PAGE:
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9 The Integrated Global Action Plan for the Prevention and Control of Pneumonia and Diarrhoea (GAPPD) Executive Summary Ending two major preventable causes of child death Stopping the loss of millions of young lives from pneumonia and diarrhoea is a goal within our grasp. The integrated Global Action Plan for the Prevention and Control of Pneumonia and Diarrhoea (GAPPD) proposes a cohesive approach to ending preventable pneumonia and diarrhoea deaths. It brings together critical services and interventions to create healthy environments, promotes practices known to protect children from disease and ensures that every child has access to proven and appropriate preventive and treatment measures. The goal is ambitious but achievable: to end preventable childhood deaths due to pneumonia and diarrhoea by The momentum needed to achieve this goal exists already. The world has achieved substantial gains in child survival over the past 20 years and extensive work has been done to not only meet the Millennium Development Goal for 2015 on child survival, but also go beyond. The United Nations Global Strategy for Women s and Children s Health, launched in 2010, calls for a continuum of care approach to services, aiming to save 16 million lives. With the Every Woman Every Child (EWEC) movement, efforts have continued. In 2012, the call to action Committing to Child Survival: A Promise Renewed challenged the global community to reduce child mortality to 20 or fewer child deaths per 1000 live births in every country by Other contributing initiatives include the Global Vaccine Action Plan, which sets out a strategy for preventing childhood disease through vaccination; the comprehensive implementation plan to improve maternal, infant and young child nutrition endorsed by WHO Member States; and the United Nations Sustainable Energy For All initiative which is a public-private commitment to universal access to modern energy services by Moreover, the United Nations Commission on Life-Saving Commodities made important recommendations to strengthen access to and use of lifesaving commodities including treatment for pneumonia and diarrhoea, while the United Nations Commission on Information and Accountability paved the way for improved monitoring of programmes to protect women s and children s health. Closing the gap: reaching all children with existing interventions Pneumonia and diarrhoea remain major killers of young children. Together, these diseases account for 29% of all deaths of children less than 5 years of age and result in the loss of 2 million young lives each year. Other conditions 16% Pneumonia 14% NCDs 4% Injuries 5% Pneumonia 4% Neonatal deaths Malaria 7% HIV/AIDS Diarrhoea 10% 2% Diarrhoea 1% Measles 1% Preterm bith complications 14% Birth asphyxia 9% Neonatal sepsis 6% Others conditions 2% Congenital abnormalities 3% Neonatal tetanus 1% Thirty-five percent of deaths in children less than five years of age are associated with malnutrition. Sources: WHO Global Health Observatory (httt:// en/index.html) and Black R et al. Lancet, 2008, 371: (5, 6) Children who are poor, hungry and living in remote areas are most likely to be visited by these forgotten killers and the burden placed by pneumonia and diarrhoea on families and health systems aggravates existing inequalities. The solutions to tackling pneumonia and diarrhoea do not require major advances in technology. Proven interventions exist. Children are dying because services are provided piecemeal and those most at risk are not being reached. Use of effective interventions remains too low; for instance, only 39% of infants less than 6 months are exclusively breastfed while only 60% of children with suspected pneumonia access appropriate care. Moreover, children are not receiving life-saving treatment; only 31% of children with suspected pneumonia receive antibiotics and only 35% of children with diarrhoea receive oral rehydration therapy Exclusive breastfeeding 75 Vitamin A supplementation DTP3 immunization Measles immunization HiB3 immunization Care seeking for pneumonia Antibiotics for pneumonia Source: UNICEF s State of the World s Children Diarrhoea treatment (ORS) Improved sanitation facilities Improved drinking-water 5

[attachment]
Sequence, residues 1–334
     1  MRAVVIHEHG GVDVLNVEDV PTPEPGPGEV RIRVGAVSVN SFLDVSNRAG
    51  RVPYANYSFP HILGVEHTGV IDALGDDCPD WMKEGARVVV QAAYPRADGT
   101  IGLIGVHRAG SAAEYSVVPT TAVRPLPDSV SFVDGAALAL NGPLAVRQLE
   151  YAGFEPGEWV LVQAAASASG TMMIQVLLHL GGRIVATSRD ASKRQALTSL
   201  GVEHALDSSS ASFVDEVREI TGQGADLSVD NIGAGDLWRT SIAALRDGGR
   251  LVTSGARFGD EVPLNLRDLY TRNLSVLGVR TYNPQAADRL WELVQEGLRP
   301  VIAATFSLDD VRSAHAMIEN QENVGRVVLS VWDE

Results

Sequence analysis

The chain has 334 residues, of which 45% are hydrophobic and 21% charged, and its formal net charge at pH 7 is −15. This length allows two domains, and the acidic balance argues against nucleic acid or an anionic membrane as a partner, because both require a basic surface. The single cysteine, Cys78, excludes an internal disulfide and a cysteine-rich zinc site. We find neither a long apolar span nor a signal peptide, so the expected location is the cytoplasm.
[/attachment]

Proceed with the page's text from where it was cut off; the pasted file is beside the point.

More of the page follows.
10 Identifying those children at greatest risk, hardest to reach and most neglected, and targeting them with interventions of proven efficacy will enable us to close the gap, ultimately ending the heavy toll of preventable child deaths. Using interventions that work Research shows that these interventions and activities work: Exclusive breastfeeding for six months and continued breastfeeding with appropriate complementary feeding reduces the onset and severity of diarrhoea and pneumonia. Use of vaccines against Streptococcus pneumoniae and Haemophilus influenzae type b, the two most common bacterial causes of childhood pneumonia, and against rotavirus, the most common cause of childhood diarrhoea deaths, substantially reduces the disease burden and deaths caused by these infectious agents. In response, an increasing number of countries are introducing these vaccines. Use of vaccines against measles and pertussis substantially reduces pneumonia illness and death in children. Use of simple, standardized guidelines for the identification and treatment of pneumonia and diarrhoea in the community, at first-level health facilities and at referral hospitals, such as those for integrated management of childhood illness (IMCI), substantially reduces child deaths. Oral rehydration salts (ORS), and particularly the lowosmolarity formula, are a proven life-saving commodity for the treatment of children with diarrhoea. Use of zinc supplements with ORS to treat children with diarrhoea reduces deaths in children less than five years of age. Innovative demand creation activities are important for achieving behaviour change and sustaining long-term preventive practices. Water, sanitation and hygiene interventions, including access to and use of safe drinking-water and sanitation, as well as promotion of key hygiene practices provide health, economic and social benefits. Reduction of household air pollution with improved stoves has been shown to reduce severe pneumonia. Safer and more efficient energy in the home prevents burns, saves time and fuel costs, and contributes to better development opportunities. An integrated approach for saving lives The GAPPD provides an integrated framework of key interventions proven to effectively prevent and treat childhood pneumonia and diarrhoea. Although effective interventions have been well established, they are not always promoted together to achieve maximum benefit. It is now clear that pneumonia and diarrhoea must be addressed in a coordinated manner. The determinants are often the same, hence preventive strategies and delivery platforms via health care facilities, families, communities and schools are similar. Engaging all sectors and actors The GAPPD provides a roadmap for national governments and their partners to plan and implement integrated approaches for the prevention and control of pneumonia and diarrhoea. It recognizes that for successful implementation, the effective engagement of all relevant stakeholders is key, and it pays special tribute to front-line health care providers, especially those at the most peripheral levels, as well as communities. Protect, Prevent and Treat framework PROTECT Children by establishing good health practices from birth Exclusive breastfeeding for 6 months Adequate complementary feeding Vitamin A supplementation Reduce pneumonia and diarrhoea morbidity and mortality PREVENT Children becoming ill from pneumonia and diarrhoea Vaccines: pertussis, measles, Hib, PCV and rotavirus Handwashing with soap Safe drinking-water and sanitation Reduce household air pollution HIV prevention Cotrimoxazole prophylaxis for HIV-infected and exposed children TREAT Children who are ill from pneumonia and diarrhoea with appropriate treatment Improved care seeking and referral Case management at the health facility and community level Supplies: Low-osmolarity ORS, zinc, antibiotics and oxygen Continued feeding (including breastfeeding) 6